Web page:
Top Somali al Qaeda leader killed in U.S. operation, Pentagon says

(CNN) -- Ahmed Godane, the leader of the Somali militant group Al-Shabaab, was killed in a U.S. military operation, the Pentagon said Friday.

"The U.S. military undertook operations against Godane on Sept. 1, which led to his death. Removing Godane from the battlefield is a major symbolic and operational loss to Al-Shabaab," said Pentagon press secretary Rear Adm. John Kirby.

On Monday, U.S. military conducted a strike in the African country targeting Godane, who pledged allegiance to al Qaeda. He has headed the Al-Shabaab as it has terrorized East Africa, killing Somali officials, aid workers and others in a spate of suicide bombings. Godane allegedly was behind 2013's deadly siege of a Nairobi, Kenya, shopping mall.

Prior to the strike, the U.S. military was tipped off to what Kirby called "actionable intelligence ... strong enough" to suggest Godane's whereabouts.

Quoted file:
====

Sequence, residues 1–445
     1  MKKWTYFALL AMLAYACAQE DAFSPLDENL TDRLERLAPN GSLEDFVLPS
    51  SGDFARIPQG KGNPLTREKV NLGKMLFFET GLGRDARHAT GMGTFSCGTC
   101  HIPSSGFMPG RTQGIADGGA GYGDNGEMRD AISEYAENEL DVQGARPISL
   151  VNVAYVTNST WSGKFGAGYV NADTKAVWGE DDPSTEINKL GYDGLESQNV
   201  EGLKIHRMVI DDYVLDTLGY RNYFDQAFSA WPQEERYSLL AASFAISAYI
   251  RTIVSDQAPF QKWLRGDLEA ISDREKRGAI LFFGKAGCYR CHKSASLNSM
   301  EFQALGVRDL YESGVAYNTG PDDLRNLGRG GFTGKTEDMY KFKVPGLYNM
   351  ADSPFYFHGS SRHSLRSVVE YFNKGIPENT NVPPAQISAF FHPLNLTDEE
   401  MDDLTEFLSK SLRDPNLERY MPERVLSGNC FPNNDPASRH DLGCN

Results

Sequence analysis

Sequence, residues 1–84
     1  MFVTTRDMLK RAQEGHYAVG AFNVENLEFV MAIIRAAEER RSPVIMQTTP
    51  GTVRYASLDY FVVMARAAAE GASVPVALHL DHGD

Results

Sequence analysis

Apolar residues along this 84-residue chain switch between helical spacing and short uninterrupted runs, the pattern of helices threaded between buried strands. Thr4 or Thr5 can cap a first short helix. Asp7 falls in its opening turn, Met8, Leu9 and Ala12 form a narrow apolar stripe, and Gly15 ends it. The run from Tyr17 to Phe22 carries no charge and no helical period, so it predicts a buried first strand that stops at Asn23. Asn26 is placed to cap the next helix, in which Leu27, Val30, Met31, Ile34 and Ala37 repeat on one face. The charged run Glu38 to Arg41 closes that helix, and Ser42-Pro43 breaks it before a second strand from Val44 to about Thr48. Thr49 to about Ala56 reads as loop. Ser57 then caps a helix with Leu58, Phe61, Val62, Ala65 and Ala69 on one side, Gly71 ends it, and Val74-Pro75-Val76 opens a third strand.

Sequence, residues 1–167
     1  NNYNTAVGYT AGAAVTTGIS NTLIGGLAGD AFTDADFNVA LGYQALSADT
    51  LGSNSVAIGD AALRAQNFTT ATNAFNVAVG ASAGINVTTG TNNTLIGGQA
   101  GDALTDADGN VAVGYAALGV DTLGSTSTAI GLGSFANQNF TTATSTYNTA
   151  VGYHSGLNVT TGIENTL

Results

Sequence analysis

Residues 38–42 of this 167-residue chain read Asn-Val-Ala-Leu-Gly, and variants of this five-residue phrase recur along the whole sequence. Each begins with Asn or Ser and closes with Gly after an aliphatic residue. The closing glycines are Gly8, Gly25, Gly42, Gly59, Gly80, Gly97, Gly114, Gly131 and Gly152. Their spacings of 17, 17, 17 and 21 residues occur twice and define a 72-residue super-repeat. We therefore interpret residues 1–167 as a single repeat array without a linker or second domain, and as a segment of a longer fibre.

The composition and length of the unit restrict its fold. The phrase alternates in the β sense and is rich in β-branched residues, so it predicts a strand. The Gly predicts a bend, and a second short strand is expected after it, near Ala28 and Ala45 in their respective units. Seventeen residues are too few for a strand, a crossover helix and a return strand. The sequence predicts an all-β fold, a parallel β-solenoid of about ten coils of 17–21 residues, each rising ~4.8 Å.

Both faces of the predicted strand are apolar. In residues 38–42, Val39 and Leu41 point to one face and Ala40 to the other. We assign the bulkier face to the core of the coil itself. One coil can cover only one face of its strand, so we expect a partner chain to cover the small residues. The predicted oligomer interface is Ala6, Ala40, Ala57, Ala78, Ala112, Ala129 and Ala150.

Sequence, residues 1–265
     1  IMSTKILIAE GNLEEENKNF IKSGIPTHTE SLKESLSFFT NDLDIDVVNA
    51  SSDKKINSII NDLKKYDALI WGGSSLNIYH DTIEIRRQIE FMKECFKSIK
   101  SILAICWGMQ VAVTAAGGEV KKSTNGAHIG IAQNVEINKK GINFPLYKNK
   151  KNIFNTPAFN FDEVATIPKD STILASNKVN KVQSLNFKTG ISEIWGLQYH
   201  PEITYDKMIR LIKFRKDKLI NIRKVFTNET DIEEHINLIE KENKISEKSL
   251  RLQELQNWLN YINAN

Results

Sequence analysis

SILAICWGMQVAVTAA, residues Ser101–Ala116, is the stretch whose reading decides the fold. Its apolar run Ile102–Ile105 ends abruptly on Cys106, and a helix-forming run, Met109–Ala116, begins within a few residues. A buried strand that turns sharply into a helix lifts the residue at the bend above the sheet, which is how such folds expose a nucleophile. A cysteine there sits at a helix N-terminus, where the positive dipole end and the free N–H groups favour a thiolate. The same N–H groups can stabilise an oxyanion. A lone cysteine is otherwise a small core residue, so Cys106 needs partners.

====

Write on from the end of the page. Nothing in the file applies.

In response, U.S. commandos flew -- aided by drones overhead -- into an area south of the African nation's capital Mogadishu around 6:20 p.m. (11:20 a.m. ET) Monday.

In the attack's aftermath, Lower Shabelle Gov. Abdikadir Mohamed Nur Sidii characterized the attack near the port city of Barawe as so ferocious. "It jolted the entire region."

"I never heard such a huge and deafening blast as the result of the airstrike," Sidii said.

Earlier this week, Kirby didn't elaborate on exactly how much firepower was used, beyond that there were multiple Hellfire and laser-guided missiles. Somali intelligence officials counted at least four such missiles.

The targets were what the Pentagon spokesman described as "an encampment" and a vehicle inside it, not to mention Al-Shabaab leaders believed to be there.

After the attack, an Al-Shababb Twitter account said one person was killed in the attack, but it asserted Godane wasn't killed. "'Ahmed Abdi Godane' is alive and doing fine," the tweet from HSM Press Office said, calling itself an "official mujahedin account" in the Islamic land of Somalia. At the time, CNN was unable to verify the authenticity of that claim on Twitter.

CNN's Michael Martinez, Greg Botelho, Holly Yan and Omar Nor contributed to this report.